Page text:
– Bronya, Colby College


 
“Studying with SFS was a unique experience that I couldn’t have received from any other provider. I was lucky to collaborate with beyond-amazing instructors who inspire students to get involved and be the change that we want to see. They were supportive in making space for me to speak my truth and express my passion for social and environmental justice.”
 
– Olivia, University of Wisconsin-Madison


 
“SFS provided me with an educational and personal experience that was even better than I had anticipated. I didn’t expect to leave with such a sense of accomplishment in the research we did, the impact we had on the community, and the vast amount of knowledge I gained and applied throughout the semester.”
 
– Sam, University of Massachusetts

 

Where You'll Be Living

The Center, once a hotel, lies among the slender palms and warm waters of Isla Colón. You’ll live, study, relax, and enjoy communal meals with your cohort, here. Across the street, you’ll find a beach with waterfront access for swimming and paddleboarding. The laidback hub of Bocas Town is a short taxi ride away, with access to shops, restaurants, and a vibrant culture that is as unique as the mix of people who live here.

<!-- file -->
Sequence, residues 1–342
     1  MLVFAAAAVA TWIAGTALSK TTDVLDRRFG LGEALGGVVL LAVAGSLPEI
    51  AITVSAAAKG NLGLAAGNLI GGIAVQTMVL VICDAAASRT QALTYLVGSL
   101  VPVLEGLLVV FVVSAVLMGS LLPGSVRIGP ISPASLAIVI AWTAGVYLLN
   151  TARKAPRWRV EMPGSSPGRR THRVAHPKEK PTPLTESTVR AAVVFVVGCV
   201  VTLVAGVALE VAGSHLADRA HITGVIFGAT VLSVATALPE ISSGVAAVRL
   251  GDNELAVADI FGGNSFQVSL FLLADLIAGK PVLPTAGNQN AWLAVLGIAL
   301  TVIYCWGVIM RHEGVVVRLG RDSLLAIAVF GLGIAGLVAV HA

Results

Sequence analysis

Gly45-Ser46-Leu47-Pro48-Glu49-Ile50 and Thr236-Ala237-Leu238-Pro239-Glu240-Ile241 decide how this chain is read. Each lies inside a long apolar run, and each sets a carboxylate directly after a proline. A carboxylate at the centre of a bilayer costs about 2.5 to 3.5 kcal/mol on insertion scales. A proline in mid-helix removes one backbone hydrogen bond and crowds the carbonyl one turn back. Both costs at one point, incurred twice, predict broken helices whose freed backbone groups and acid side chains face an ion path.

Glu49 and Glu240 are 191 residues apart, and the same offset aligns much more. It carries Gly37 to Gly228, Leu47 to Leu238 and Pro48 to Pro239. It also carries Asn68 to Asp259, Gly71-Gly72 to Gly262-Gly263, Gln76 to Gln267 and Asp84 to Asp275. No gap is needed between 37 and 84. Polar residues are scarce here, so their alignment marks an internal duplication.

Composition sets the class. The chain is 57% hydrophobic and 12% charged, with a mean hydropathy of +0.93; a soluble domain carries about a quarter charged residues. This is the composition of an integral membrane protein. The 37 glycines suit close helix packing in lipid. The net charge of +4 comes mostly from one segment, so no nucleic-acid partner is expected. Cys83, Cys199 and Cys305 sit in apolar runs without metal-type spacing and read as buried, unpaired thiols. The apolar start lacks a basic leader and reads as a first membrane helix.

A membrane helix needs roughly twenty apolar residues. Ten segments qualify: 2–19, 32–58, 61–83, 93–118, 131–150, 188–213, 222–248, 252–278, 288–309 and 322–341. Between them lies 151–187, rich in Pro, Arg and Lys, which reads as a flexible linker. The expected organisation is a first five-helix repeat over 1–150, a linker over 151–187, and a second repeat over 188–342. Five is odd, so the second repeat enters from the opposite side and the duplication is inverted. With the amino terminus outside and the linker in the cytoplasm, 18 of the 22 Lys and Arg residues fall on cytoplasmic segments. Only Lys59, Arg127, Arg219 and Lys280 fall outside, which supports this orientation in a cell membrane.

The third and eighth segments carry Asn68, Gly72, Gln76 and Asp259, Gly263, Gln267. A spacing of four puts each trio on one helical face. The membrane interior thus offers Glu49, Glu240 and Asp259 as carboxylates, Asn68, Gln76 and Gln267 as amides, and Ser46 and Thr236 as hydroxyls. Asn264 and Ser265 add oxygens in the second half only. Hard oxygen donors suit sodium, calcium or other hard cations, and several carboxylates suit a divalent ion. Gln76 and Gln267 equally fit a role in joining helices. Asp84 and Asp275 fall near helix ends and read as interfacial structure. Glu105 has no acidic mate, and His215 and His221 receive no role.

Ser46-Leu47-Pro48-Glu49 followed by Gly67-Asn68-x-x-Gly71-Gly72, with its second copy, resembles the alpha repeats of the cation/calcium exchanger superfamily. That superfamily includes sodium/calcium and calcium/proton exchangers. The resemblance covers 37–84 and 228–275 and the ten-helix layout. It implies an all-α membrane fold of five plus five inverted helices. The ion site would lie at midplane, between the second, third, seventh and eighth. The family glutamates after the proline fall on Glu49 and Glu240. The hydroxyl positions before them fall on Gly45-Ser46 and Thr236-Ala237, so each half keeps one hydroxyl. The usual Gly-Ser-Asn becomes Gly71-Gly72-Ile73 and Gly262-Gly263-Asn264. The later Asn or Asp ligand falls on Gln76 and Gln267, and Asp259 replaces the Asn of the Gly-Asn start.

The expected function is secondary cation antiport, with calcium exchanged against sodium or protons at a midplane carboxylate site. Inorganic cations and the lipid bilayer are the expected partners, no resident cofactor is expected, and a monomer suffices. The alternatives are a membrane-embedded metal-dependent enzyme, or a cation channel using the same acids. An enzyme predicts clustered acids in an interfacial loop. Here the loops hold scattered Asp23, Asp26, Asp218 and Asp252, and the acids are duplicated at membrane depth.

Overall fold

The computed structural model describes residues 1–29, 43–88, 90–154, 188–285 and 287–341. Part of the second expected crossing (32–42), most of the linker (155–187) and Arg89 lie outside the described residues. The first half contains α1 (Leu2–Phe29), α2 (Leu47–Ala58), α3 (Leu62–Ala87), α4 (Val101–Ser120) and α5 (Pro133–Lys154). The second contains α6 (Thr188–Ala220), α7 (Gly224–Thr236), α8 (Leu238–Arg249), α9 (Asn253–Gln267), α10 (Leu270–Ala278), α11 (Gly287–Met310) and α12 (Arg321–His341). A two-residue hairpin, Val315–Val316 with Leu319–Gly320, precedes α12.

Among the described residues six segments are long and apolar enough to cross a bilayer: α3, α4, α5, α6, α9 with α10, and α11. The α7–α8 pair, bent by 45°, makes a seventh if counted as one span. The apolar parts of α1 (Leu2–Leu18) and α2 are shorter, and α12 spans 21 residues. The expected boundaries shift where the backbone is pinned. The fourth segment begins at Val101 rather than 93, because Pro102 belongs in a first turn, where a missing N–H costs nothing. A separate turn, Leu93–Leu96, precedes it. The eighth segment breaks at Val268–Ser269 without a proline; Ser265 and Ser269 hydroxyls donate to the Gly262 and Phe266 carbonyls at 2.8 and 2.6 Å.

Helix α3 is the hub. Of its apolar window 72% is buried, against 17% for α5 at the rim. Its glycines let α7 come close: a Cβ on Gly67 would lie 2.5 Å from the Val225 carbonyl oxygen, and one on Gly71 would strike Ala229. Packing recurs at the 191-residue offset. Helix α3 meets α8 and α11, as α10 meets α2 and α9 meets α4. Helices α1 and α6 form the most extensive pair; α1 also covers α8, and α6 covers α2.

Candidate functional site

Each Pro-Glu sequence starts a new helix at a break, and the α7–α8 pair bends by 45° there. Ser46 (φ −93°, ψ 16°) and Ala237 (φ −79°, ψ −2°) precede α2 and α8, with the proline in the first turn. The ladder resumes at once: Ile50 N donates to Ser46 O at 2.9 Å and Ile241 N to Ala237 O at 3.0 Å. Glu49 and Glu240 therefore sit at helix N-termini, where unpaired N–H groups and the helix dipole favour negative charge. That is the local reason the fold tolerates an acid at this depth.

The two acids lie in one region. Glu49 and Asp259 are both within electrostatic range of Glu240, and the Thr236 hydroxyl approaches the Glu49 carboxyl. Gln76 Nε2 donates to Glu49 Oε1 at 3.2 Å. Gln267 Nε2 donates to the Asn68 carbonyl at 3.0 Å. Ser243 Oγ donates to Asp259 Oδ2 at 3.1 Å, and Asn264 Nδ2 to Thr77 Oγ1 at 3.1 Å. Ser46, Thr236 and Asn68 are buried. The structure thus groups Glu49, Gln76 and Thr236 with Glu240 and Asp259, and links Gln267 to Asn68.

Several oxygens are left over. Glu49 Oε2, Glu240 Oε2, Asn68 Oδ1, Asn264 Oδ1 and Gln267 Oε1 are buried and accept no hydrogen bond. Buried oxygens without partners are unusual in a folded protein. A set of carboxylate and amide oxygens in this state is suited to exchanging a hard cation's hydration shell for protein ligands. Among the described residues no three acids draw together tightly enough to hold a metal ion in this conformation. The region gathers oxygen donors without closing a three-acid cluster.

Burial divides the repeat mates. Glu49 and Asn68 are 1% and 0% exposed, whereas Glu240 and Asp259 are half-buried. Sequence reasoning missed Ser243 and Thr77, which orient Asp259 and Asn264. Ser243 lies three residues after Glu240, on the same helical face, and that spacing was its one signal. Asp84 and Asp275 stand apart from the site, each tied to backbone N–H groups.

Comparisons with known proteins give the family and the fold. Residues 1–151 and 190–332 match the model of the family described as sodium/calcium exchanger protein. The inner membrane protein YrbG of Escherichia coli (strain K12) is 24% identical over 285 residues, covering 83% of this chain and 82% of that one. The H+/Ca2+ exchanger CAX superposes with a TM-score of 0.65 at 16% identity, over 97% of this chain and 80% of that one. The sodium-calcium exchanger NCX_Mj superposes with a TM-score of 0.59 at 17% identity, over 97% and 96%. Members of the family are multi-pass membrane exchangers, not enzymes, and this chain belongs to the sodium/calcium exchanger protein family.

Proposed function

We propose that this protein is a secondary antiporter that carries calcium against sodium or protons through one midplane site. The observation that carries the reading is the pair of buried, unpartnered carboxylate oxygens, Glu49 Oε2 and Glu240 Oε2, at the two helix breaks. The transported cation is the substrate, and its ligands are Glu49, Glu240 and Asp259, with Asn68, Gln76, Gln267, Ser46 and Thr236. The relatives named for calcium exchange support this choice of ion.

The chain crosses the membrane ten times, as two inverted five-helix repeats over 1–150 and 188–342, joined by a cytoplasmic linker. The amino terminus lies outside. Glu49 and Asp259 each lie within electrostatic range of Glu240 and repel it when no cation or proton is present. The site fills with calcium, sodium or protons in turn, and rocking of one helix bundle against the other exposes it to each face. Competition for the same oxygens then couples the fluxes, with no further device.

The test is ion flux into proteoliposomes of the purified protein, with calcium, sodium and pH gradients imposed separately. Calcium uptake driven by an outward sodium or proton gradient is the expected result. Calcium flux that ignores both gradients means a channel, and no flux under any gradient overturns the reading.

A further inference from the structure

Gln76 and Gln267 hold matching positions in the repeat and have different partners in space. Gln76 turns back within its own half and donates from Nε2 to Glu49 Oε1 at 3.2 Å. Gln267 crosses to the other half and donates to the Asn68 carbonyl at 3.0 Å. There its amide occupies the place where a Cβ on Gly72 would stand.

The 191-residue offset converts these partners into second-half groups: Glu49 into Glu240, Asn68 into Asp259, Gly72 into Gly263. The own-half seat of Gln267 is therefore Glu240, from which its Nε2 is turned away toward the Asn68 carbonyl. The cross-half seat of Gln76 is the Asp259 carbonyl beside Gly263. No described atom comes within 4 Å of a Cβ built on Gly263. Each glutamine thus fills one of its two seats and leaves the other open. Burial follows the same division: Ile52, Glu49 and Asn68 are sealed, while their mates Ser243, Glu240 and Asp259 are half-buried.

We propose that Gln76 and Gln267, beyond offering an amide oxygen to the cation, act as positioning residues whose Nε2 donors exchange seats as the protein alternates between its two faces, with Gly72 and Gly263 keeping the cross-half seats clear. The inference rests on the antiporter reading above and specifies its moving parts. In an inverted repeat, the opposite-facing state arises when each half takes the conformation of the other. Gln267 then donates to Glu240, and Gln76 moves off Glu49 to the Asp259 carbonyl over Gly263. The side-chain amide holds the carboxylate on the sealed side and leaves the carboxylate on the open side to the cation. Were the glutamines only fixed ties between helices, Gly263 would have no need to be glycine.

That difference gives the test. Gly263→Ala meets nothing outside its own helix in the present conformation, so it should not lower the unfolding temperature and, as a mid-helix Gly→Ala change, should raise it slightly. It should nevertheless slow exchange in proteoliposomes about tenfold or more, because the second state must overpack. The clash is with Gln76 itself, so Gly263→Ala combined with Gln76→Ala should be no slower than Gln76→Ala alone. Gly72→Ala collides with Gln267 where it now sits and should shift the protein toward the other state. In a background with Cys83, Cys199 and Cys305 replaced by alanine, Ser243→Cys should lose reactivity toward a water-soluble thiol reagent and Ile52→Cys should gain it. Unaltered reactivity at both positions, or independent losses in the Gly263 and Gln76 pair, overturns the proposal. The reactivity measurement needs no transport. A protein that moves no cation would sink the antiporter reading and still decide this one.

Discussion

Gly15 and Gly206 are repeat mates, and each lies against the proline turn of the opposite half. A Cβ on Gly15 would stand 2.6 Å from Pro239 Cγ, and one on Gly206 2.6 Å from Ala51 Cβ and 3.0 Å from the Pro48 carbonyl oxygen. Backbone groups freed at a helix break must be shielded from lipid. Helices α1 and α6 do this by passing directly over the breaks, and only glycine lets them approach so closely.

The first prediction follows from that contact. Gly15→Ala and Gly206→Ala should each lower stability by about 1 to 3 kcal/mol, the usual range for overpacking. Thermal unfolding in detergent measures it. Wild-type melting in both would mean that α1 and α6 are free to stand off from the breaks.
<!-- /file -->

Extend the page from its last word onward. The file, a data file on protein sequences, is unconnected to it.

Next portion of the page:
• Dorm living in ~4-person bunkrooms
  • Indoor/outdoor classroom and study space
  • Student lounge space
  • Casual al-fresco dining area and on-site cooking staff
  • Swimming pool, kayaking, paddleboarding, and snorkeling
Click here to read stories from students, staff, and faculty on our blog

 
 
 

Program Costs

Study abroad is an investment in yourself – you’ll return home with new experiences, skills, knowledge, and friendships that will stay with you for the rest of your life. SFS program costs cover a variety of expenses, including:
 

  • Pre-program advising and on-site orientation
  • Tuition and research fees
  • Housing at the field station and on excursions
  • Daily meals and snacks
  • Airport transfers (for arrival/departure)
  • Field excursions and cultural activities
  • Student success and wellness team on site
  • 24/7 mental health and well-being support
  • Emergency evacuation and repatriation insurance
  • Official transcript processing

View Panama Program Costs

Financial Aid